The last few weeks of 2010 brought a flurry of new lawsuits against Wall Street’s heavy hitters, as lawyers for the victims of Bernard Madoff’s Ponzi scheme raced against a Dec. 11 legal deadline marking two years since the financier’s arrest. Among the big names targeted in the fresh batch of lawsuits are JPMorgan Chase, UBS, HSBC, Citigroup and Merrill Lynch-Bank of America.
The banks have called the lawsuits “unfounded” and “utterly baseless.” But Irving Picard, the court-appointed trustee who’s spearheading the effort to recoup defrauded investors’ money, says it’s Madoff’s financial activity that bore little resemblance to reality—and big banks should have known. The lawsuit against HSBC alleges the bank failed to notice that some of Madoff’s trades had been settled on a Saturday, when stock markets are closed, and that for three years his investor statements misnamed a fund in which he claimed to have put client money. HSBC did hire an independent auditor to look at Madoff’s deals, and the probes warned of possible shams and fraud. But the bank is accused of turning a deaf ear.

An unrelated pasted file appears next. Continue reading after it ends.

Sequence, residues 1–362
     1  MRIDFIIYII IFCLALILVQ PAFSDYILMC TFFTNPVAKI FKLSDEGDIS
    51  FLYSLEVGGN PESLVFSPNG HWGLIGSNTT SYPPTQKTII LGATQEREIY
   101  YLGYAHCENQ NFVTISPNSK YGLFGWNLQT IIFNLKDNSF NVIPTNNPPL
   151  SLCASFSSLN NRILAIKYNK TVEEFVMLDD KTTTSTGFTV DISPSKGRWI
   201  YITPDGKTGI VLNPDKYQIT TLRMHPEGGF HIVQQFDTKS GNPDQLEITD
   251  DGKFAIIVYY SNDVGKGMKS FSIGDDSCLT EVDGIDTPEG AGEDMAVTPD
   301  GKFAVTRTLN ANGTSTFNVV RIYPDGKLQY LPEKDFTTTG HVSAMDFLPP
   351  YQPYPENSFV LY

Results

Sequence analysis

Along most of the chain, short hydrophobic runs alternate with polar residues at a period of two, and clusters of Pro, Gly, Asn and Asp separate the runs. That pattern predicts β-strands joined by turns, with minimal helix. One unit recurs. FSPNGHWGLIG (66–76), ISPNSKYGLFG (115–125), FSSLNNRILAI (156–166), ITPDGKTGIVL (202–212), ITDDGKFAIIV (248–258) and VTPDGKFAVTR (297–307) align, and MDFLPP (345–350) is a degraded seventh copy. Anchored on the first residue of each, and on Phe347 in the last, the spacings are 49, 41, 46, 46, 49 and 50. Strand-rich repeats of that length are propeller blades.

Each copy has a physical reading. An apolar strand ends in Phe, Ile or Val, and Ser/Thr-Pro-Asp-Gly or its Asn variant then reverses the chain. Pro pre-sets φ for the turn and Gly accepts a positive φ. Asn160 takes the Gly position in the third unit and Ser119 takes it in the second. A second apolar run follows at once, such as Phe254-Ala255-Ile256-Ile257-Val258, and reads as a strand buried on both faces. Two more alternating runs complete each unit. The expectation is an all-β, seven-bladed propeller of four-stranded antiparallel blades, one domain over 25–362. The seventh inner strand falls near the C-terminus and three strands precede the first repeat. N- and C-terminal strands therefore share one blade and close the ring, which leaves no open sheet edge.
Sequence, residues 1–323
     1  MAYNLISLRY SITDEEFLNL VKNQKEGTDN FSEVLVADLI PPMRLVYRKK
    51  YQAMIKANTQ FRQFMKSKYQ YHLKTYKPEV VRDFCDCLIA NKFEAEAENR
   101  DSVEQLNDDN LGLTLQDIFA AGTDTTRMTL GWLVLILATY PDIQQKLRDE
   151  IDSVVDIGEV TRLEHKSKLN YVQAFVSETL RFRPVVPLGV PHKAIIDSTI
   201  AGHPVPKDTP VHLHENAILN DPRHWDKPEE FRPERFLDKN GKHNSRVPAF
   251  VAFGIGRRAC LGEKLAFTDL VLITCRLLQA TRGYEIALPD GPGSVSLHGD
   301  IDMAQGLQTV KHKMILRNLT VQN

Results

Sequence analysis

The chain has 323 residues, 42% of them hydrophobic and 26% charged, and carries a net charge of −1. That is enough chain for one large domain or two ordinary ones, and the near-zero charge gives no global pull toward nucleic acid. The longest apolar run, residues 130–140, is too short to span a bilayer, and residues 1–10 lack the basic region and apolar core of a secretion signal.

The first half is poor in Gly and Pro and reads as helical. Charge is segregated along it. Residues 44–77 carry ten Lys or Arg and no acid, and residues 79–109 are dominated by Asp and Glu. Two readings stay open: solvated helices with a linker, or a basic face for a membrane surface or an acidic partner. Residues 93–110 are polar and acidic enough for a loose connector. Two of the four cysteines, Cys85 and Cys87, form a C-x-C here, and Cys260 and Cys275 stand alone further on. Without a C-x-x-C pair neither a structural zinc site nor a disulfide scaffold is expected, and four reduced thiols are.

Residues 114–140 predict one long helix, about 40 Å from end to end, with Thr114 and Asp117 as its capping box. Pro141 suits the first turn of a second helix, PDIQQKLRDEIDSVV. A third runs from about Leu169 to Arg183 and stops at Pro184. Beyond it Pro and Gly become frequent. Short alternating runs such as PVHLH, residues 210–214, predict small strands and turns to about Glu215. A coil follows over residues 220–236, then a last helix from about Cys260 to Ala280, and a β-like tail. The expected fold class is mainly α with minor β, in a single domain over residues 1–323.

The accusations echo the class-action suit that hit Royal Bank of Canada earlier last year for allegedly failing to flag suspicious movements in former Montreal financial adviser Earl Jones’s RBC account. The collapse of Jones’s fund cost his investors around $50 million.
But whether victims in both cases will be able to dig into the defendants’ deep pockets remains to be seen. Neither RBC nor the U.S. banks involved in the Madoff affair advised investors to put money in the schemes. Insinuating that the banks must have known of the scams, moreover, does not carry the same weight as saying that they did know, which might be impossible to prove. Investigations into big bank bankruptcies in the U.K., for example, merely found evidence of poor management and excessive risk-taking, which isn’t actionable or illegal.
At the very least, these legal crusades are showing how complicated a process resolving the Madoff affair will be, and a lot of parties who may or may not bear any culpability could get smeared along the way.